REHOBOTH BEACH, Del. - On New Year's Day, Chris Beagle and Eric Engelhart, known by friends as the Beagleharts, reminisce about the year that was.
"It feels so gratifying to say this is my husband and it's been a huge step for us," said Engelhart.
In July, they became the first Sussex County same-sex couple to convert via ceremony from civil union to marriage.
Beagle says even after the marriage, their life has gone on like the 23 years before, only now with legal protection.
But the married men are far from alone. In fact, just in Sussex County, 855 couples tied the knot.
More than half from out-of-state.
Clerk of the peace John Brady tells WMDT couples have traveled from as far south as Texas through Georgia, North Carolina and South Carolina. Not only will his department make budget for the first time since 1950 due to the increase in marriages, Sussex County is becoming a marriage destination hotspot, says Brady.
Some couples are also already planning extended honeymoon stays.
"One couple are coming back to spend a weekend in February as their honeymoon because they thought everybody was so nice in Fenwick," said Brady. "Every wedding that happens in Sussex County has an economic benefit to the county.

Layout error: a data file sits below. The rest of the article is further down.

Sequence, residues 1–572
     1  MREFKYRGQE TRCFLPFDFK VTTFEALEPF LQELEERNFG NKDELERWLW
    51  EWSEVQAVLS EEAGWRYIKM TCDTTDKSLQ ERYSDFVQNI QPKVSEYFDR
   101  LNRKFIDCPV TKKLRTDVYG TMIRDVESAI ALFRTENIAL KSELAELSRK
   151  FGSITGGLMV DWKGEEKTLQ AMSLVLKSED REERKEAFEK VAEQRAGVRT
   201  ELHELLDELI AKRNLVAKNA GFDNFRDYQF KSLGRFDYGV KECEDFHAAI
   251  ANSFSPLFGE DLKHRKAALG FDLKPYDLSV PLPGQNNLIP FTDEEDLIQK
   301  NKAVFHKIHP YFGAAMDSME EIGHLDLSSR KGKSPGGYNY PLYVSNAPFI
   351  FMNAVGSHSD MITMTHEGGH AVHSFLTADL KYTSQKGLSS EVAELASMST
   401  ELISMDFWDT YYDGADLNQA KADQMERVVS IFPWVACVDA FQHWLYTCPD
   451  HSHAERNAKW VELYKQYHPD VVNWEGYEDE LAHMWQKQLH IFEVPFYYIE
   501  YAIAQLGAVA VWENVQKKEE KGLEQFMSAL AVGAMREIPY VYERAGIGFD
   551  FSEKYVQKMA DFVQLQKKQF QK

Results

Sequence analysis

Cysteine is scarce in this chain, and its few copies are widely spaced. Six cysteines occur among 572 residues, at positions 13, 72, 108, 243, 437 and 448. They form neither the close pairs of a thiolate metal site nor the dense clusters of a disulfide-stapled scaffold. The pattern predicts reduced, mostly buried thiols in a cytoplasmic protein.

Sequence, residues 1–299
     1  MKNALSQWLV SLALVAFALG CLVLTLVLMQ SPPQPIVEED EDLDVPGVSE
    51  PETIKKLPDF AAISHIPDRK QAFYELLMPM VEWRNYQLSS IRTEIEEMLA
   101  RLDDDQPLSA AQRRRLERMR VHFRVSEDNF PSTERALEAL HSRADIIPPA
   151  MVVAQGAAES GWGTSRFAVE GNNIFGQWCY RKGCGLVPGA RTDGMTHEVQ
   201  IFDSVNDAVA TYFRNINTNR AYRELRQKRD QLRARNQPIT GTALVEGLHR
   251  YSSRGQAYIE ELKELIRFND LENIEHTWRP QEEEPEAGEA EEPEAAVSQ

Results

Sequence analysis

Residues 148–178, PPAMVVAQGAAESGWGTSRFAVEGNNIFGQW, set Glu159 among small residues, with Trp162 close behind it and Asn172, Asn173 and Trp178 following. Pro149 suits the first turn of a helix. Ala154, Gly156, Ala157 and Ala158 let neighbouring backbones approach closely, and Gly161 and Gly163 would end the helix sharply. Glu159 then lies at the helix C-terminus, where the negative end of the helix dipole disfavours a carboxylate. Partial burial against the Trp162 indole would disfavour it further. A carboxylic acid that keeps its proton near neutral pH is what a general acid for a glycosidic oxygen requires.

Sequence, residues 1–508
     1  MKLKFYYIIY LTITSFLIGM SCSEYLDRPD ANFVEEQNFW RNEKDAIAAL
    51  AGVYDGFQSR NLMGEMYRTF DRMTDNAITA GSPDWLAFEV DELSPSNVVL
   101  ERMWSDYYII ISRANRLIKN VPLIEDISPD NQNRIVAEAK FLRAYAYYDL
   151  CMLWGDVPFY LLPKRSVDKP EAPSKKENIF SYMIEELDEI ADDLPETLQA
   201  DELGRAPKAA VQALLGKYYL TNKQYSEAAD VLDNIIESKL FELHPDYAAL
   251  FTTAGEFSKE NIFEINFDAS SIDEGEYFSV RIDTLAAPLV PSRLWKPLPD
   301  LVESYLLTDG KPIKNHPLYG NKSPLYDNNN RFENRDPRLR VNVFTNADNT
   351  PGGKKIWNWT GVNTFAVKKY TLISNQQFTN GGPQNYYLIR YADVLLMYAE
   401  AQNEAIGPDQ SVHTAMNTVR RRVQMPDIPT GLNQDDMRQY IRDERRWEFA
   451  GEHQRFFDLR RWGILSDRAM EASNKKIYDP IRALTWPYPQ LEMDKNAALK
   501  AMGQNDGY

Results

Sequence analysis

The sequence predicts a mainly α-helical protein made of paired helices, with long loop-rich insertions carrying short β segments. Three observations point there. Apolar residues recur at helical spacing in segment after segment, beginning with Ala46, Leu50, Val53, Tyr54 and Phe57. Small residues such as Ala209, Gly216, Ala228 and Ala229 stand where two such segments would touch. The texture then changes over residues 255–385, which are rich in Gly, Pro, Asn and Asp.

"[Couples] will get a hotel room, eat dinner, eat breakfast. They always forget something so they will go to the store."
Brady says one couple spent as much as $4,000 during their wedding weekend, which included a home rental in Dewey Beach.
While both Chris and Eric agree Delaware has thrived with the new law, Chris says more states need marriage equality.
"Every civil rights movement in this nation's history has not happened overnight," said Beagle. "There will always be issues but we think it's about being involved being respectful being patient and getting it done."
Chris and Eric have been together for 23 years.
*one-hundred twenty-nine* military couples got married in Delaware this past year which is a significant increase -- 90 of those were same-sex marriages.